On 23rd June 1912, Alan Turing was born. A pioneer in the realm of computer science, Turing's revolutionary concepts and ideas have changed the way we live our lives and the way we communicate with each other.
Alan Mathison Turing OBE FRS was an English mathematician, computer scientist, logician, cryptanalyst, philosopher, and theoretical biologist. In 1931 he won a scholarship to King's College, Cambridge. In 1936, at just 24, he published On Computable Numbers – which is now considered the foundations of computer science. He developed the concept of the ‘universal Turing machine’ – and transformed this revolutionary idea in to a practical plan for a real life, electronic computer.
“One day ladies will take their computers for walks in the park and tell each other, "My little computer said such a funny thing this morning"
Of course, technological innovation never stays still. And we think he'd be pretty impressed to see that literally everyone is taking their talking computers to the park with them. Clue yourself up with the best security know-how in this free guide to cloud identity and access management.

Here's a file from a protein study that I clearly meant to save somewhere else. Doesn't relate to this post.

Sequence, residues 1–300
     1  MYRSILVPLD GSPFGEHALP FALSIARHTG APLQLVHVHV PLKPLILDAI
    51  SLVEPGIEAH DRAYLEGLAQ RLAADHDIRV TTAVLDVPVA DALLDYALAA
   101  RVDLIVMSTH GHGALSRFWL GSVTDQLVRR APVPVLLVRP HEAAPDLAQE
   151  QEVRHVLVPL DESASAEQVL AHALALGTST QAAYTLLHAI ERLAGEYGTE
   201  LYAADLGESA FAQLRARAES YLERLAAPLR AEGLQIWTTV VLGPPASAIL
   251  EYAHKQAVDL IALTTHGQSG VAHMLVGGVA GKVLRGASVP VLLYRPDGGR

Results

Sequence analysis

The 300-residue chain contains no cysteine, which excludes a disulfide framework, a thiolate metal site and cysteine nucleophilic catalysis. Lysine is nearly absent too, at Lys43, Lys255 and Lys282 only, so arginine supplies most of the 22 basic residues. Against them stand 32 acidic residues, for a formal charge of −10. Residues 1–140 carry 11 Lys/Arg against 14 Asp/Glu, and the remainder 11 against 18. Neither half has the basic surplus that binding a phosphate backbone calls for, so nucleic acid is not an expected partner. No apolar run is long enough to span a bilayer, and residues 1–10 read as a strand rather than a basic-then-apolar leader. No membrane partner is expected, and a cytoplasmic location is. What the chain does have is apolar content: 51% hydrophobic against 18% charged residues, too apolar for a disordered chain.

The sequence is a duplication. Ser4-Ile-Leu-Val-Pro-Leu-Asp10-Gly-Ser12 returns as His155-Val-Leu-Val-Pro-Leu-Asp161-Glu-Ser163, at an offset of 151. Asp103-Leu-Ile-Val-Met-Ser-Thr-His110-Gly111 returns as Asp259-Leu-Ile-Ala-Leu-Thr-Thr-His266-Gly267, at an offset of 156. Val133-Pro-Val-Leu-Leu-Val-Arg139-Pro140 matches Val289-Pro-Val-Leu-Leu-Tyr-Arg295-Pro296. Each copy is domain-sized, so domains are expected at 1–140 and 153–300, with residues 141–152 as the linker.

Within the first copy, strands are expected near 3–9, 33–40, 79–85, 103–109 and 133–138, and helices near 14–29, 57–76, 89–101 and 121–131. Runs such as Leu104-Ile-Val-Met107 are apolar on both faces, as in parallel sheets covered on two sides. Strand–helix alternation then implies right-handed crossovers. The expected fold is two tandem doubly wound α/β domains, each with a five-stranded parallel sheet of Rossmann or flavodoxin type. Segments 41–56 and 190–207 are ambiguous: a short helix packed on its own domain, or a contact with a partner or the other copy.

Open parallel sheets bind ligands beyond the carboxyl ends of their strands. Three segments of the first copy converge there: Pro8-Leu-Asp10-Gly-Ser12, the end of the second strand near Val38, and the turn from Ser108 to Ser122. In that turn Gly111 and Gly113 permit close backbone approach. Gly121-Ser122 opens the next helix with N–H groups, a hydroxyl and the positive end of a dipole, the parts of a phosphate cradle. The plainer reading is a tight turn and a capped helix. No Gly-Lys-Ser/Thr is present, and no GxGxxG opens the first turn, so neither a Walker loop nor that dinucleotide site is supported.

After two years at Princeton, developing ideas about secret ciphers, Turing returned to Britain and joined the government’s code-breaking department. Joined by other mathematicians at Bletchley Park, Turing rapidly developed a new machine, the Bombe, capable of breaking Enigma messages on an industrial scale.
A victim of 20th century attitudes
It doesn't seem right not to mention the sadness that surrounds his passing. in 1952, with homosexuality still illegal in the UK, he was prosecuted for being in a relationship with another man. Rather than a prison sentence, Turin accepted "hormonal treatment". It's hard to believe this was even an option in the 1950s – and even harder to believe that some countries and cultures still practice such harrowing treatments.
Of course, once outed, Turing was deemed a security risk and he was pulled off all government code-breaking department (now GCHQ) projects. He was quoted as saying at the time: “I shall shortly be pleading guilty to a charge of sexual offences with a young man. The story of how it all came to be found out is a long and fascinating one, which I shall have to make into a short story one day, but haven't the time to tell you now.” He was later found dead in an apparent suicide.
“Sometimes it is the people no one can imagine anything of who do the things no one can imagine.”
There's absolutely no doubt that Turing had an inquisitive, incredible mind. And he had tenacity, bravery and courage to boot. A blue plaque commemorates his birth in a nursing home at Warrington Lodge, 2 Warrington Crescent, in Maida Vale. Photo credit: National Portrait Gallery, London
Alan Turing (1912-1954)